The Long Goodbye There's no set date for the Expos to leave Montreal, but bidding on the club has officially opened

February 03, 2003

Next time a telemarketer interrupts dinner, don't curse: He could
be offering you a major league team. This month former San
Antonio mayor Nelson Wolff got a cold call from Corey Busch, head
of the relocation committee appointed by baseball commissioner
Bud Selig to find a new home for the Montreal Expos. Busch had a
question: Is San Antonio interested in the Expos? "I was
surprised and pleased to get the call," says Wolff, a county
judge who's known as Mr. Baseball in San Antonio for leading the
successful effort to build a stadium for the Triple A San Antonio
Missions in the early 1990s. "But my response was, 'We're still
several years away from being considered a market for major
league baseball.'"

As les Expos get ready for another lame-duck summer, the effort
to relocate them is grinding into gear. This week Selig's
committee will begin meeting with delegations from three
locales--Washington, D.C., Northern Virginia and Portland--that
are eager for the team. The first step is to secure assurances
from the bidding cities that a ballpark will be built for the
team. Then the committee will worry about finding an owner.
There's no guarantee that the team will have a new home by the
2004 season.

"Baseball hasn't done the best job of selecting markets," says a
league official, mindful of the struggling franchises and
uninviting stadiums in Florida. "You can have the greatest market
and greatest owner, but if you don't have a good venue, the rest
doesn't matter."

To boost the odds of a sweetheart stadium deal, baseball is
scouring the U.S.--and beyond--to drum up candidate cities. In
addition to the three front-runners and San Antonio, the
committee has reached out to officials in Charlotte, and it will
keep tabs on the Expos' 22 games in Puerto Rico this year to
gauge San Juan's suitability as a relocation spot. Mexico City
and northern New Jersey have also been floated as potential
homes. Who'll wind up with the Expos? Here's a look at the top
contenders.

WASHINGTON, D.C.

POPULATION 4.7 million (according to bid officials), largest
without a major league team. STADIUM STATUS Planners have
identified five sites within the District, but there is no firm
commitment for local funding. PROS Washington could offer
baseball its first minority owner: D.C. resident and BET owner
Robert Johnson says he's interested in the Expos. CONS An
outdated image, at least in the eyes of Major League Baseball.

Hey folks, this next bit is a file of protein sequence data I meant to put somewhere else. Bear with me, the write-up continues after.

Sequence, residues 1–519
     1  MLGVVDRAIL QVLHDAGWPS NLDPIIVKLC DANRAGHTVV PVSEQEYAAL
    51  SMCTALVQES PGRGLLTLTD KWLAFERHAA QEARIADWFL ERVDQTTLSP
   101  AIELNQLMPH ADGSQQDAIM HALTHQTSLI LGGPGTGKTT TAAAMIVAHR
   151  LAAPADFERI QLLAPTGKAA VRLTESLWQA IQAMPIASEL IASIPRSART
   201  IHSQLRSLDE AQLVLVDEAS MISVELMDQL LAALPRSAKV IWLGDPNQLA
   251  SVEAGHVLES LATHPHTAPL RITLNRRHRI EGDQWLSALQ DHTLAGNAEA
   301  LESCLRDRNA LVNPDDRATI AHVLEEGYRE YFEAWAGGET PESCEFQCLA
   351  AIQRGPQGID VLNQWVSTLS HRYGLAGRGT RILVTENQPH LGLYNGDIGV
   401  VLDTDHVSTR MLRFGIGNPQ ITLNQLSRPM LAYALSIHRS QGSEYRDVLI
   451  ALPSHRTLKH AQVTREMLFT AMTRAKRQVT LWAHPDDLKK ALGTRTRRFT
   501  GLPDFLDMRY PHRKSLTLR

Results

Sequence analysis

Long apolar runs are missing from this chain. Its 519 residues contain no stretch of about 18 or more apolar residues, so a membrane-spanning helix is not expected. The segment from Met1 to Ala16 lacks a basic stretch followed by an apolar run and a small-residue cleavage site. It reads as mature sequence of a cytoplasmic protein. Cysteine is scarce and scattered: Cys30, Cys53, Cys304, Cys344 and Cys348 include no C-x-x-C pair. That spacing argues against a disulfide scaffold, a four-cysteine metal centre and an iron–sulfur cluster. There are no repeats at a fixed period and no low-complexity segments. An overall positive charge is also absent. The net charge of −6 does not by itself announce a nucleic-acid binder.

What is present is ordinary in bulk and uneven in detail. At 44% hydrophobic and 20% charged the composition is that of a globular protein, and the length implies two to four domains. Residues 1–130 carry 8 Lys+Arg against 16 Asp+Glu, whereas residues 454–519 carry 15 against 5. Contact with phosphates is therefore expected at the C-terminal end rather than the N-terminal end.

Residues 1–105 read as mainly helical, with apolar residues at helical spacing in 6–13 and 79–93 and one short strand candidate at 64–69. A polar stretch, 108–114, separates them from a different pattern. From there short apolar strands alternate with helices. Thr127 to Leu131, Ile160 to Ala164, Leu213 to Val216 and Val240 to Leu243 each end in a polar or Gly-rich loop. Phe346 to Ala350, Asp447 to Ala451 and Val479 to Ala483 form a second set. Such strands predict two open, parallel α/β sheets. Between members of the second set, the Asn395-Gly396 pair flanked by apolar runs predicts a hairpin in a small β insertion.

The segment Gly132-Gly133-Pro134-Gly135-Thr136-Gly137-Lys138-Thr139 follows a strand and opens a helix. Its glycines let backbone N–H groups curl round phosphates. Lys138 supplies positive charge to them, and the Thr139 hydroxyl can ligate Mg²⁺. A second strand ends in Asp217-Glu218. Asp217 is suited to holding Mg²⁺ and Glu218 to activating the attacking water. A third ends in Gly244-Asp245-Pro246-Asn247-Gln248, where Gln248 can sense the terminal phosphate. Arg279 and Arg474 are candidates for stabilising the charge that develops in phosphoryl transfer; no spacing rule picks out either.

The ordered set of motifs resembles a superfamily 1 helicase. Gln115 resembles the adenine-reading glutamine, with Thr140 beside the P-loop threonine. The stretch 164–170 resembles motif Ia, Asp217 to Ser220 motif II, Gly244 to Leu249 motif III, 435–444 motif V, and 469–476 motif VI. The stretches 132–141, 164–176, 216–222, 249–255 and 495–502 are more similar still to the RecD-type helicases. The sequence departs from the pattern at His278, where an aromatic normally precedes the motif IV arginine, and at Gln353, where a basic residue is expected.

(Bobby Goldwater, president of the D.C. Sports and Entertainment
Commission, says, "One baseball official I spoke to didn't know
Washington has a subway system.") Baltimore Orioles owner Peter
Angelos, who claims his team draws 25% of its fans from the D.C.
area, could start a legal battle to keep a club out of his
backyard. And D.C.'s 42-year-old RFK Stadium, which would be a
temporary home, needs an overhaul for baseball.

BOTTOM LINE Ready for the new Senators? D.C. is the favorite.

NORTHERN VIRGINIA

POPULATION Nearly five million. STADIUM STATUS No site chosen,
and a firm government financing plan has yet to be floated. A
Virginia-based team would also use RFK as a temporary home. PROS
Demographics: Though Northern Virginia is considered part of the
D.C. metro area, planners say a team south of the Potomac will
draw more fans from upmarket Virginia suburbs and fewer from the
Orioles' base in Maryland. Arlington, Fairfax and Loudoun
counties, the most likely stadium sites, are among the nation's
wealthiest (in per capita income). And baseball would be the only
game in town--Virginia has no other teams in the Big Four sports.
CONS A massive state budget deficit could undercut public
funding.

BOTTOM LINE An attractive option if the Washington bid falls
apart.

PORTLAND

POPULATION 2.2 million. STADIUM STATUS The team would play in
20,000-seat PGE Park, home of the Triple A Portland Beavers,
until a downtown venue is ready. PROS Despite its image
Portland's summertime rainfall is lower than that of 16 major
league cities. Plus, the Oregon legislature came close to passing
a $150 million stadium funding package in 2001. CONS The Portland
Expos would draw from a smaller fan pool than the
attendance-challenged teams in Detroit, Miami and Tampa.

BOTTOM LINE Portland fans will likely have to make do with the
NBA Trail Blazers and the Beavers.

COLOR ILLUSTRATION: ILLUSTRATION BY FRED HARPER

Got No Game
Here are the 10 largest TV markets without a major league
baseball team, according to Nielsen Media Research.

OVERALL
MARKET TV HOUSEHOLDS RANK

1. Washington, D.C.--Hagerstown, Md. 2,169,230 8
2. Sacramento-Stockton-Modesto, Calif. 1,227,600 19
3. Orlando--Daytona Beach--Melbourne, Fla. 1,224,470 20
4. Portland 1,061,080 23
5. Indianapolis 1,019,870 25
6. Hartford--New Haven, Conn. 980,410 27
7. Charlotte 962,540 28
8. Raleigh-Durham-Fayetteville, N.C. 929,460 29
9. Nashville 880,670 30
10. Columbus, Ohio 835,780 34

HOLE YARDS PAR R1 R2 R3 R4
OUT
HOLE YARDS PAR R1 R2 R3 R4
IN
Eagle (-2)
Birdie (-1)
Bogey (+1)
Double Bogey (+2)